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Huntington's IMAC theater closing its doors

After 26 years of music in the heart of Huntington village, it was a construction worker who took the stage of the Inter-Media Art Center Tuesday - but it was to disassemble it for good.

The center, better known as the IMAC theater, is closing its doors.

Michael Rothbard, executive director of the performing arts center that brought a breadth of music to suburbia - ranging from African percussionist Babatunde Olatunji to jazz greats Chick Corea and Herbie Hancock, to more contemporary artists such as Ani DiFranco and Suzanne Vega - said Tuesday it's time to move on.

Rothbard said a decline in funding coupled with the rising cost of putting on live productions - where a single show can cost $40,000 - is a factor. A recent fund-raiser netted only about $20,000.

The annual rent of about $150,000 on a century-old building he said was desperately in need of a major renovation began to become an issue. Finally, Rothbard said, he had a "nightmarish" relationship with the landlord in addressing some of the building issues.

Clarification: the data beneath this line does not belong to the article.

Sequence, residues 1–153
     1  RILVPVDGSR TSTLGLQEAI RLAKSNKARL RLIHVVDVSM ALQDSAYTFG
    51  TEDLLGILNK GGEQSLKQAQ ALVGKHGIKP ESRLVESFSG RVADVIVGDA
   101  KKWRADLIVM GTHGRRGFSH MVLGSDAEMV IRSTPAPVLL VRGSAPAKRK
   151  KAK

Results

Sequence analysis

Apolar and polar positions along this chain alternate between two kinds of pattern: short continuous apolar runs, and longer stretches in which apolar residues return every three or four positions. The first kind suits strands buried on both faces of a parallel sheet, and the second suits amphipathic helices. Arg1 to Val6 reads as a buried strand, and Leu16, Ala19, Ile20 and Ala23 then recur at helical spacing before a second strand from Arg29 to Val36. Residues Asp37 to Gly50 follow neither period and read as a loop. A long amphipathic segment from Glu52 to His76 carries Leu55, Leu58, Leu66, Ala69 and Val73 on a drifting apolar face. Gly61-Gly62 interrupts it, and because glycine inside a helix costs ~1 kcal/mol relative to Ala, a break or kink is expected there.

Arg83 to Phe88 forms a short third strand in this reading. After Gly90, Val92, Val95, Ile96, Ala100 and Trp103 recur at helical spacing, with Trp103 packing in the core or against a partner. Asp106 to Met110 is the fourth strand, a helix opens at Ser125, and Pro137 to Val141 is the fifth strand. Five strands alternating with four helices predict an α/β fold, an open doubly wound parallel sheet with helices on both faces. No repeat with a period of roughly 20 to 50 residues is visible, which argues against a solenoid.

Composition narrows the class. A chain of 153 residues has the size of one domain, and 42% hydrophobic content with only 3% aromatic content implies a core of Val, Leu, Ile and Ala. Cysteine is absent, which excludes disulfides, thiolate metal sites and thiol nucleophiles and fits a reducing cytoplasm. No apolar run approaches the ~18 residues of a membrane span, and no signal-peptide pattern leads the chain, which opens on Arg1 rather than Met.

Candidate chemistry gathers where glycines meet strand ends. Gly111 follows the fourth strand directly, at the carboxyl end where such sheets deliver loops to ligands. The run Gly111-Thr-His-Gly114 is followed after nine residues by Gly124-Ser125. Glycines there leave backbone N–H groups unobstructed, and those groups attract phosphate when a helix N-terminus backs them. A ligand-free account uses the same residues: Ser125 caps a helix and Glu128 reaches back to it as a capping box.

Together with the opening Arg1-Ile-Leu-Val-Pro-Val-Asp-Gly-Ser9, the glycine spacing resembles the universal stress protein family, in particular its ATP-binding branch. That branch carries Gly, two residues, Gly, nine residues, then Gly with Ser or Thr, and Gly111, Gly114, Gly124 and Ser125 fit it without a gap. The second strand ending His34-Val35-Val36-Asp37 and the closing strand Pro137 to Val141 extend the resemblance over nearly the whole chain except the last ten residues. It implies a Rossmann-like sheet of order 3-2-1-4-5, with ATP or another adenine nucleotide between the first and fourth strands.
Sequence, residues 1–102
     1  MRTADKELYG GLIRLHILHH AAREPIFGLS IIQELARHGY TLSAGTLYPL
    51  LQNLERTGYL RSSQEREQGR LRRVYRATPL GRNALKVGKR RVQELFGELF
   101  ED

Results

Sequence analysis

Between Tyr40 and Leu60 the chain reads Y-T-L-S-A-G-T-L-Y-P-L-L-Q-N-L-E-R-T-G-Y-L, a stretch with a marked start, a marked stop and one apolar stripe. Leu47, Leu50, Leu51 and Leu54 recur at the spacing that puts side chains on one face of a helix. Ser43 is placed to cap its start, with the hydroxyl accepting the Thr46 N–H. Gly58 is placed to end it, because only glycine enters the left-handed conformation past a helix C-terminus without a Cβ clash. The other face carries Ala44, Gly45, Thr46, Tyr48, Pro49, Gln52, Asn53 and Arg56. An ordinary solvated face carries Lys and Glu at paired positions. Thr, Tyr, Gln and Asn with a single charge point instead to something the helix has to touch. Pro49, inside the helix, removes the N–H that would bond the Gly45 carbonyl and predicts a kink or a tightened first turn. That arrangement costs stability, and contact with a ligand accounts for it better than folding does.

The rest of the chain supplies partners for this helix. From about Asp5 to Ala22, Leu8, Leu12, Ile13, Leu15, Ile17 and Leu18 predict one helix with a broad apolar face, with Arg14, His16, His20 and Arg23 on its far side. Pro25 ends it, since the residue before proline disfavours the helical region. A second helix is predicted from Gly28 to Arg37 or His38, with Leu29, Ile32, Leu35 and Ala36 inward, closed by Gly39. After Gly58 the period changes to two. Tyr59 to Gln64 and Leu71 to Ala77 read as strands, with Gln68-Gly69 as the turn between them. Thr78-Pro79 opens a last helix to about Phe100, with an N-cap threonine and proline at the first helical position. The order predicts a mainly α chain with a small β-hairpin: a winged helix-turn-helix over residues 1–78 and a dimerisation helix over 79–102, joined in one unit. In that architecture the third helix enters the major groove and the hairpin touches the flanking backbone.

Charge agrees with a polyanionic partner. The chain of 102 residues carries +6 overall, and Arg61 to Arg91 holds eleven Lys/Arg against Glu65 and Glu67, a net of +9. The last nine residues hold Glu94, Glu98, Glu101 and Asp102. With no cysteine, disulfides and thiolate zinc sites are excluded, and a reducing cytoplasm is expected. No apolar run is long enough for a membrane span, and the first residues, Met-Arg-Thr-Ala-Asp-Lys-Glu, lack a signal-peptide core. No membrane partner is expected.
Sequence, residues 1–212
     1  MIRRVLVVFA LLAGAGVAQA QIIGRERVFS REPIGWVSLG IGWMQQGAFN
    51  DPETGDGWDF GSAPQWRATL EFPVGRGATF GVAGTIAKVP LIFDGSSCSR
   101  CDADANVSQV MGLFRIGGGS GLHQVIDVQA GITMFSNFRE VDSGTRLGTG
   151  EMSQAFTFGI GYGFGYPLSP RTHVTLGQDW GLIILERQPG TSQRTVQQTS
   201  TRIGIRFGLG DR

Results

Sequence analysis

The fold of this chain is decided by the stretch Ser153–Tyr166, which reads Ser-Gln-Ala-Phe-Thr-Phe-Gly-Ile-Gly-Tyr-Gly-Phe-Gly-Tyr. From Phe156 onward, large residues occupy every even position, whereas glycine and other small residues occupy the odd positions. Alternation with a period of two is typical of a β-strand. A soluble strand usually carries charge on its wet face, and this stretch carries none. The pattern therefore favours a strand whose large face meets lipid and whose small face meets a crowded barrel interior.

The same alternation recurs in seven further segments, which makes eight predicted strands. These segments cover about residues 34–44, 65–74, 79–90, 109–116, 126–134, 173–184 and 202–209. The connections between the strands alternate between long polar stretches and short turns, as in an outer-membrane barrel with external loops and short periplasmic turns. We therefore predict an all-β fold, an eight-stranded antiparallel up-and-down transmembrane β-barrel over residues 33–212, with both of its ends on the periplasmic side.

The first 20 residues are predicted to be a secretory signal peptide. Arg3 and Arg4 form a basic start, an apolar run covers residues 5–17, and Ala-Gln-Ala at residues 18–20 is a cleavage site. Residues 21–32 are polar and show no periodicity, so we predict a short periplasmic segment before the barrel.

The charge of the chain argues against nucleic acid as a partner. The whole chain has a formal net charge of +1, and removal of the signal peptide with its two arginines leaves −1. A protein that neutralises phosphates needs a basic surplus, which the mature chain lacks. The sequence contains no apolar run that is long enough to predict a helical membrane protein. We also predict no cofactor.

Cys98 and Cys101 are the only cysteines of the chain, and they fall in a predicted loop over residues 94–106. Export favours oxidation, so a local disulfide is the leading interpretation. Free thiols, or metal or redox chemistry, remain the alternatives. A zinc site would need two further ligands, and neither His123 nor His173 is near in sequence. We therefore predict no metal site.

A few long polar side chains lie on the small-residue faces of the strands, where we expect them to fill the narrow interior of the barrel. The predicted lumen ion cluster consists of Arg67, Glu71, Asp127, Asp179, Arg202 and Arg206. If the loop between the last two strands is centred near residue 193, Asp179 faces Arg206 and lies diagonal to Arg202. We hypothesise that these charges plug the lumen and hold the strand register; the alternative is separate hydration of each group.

The landlord, Frank Viteritti, did not respond to requests for comment.

"When we started, we were pioneering," Rothbard said. "We were the only ones bringing this variety to Long Island. Now seven or eight theaters have opened up who are doing exactly what we do."

The 500-seat theater, once a vaudeville house and later a movie theater, was stripped of all its past and present glory Tuesday, barely recognizable as the stage that once played host to the likes of Phoebe Snow, Art Blakey and Jazz Messenger and Donovan. There was no sign that just a few weeks ago, jazz vocalist Bobby Caldwell had filled the house.

Town Supervisor Frank Petrone said in a statement that he has put together a committee to explore getting a new performing arts center in Huntington.

For Huntington resident Richard Mallory, the news that it was being shuttered was hard to hear.

"That's horrible," said Mallory, a plumber who said he often walked from his home to the theater with his family to see shows. "It was a place where parents and kids could both enjoy the music, often in the same show. This is the worst news to happen to the village in a long, long time."

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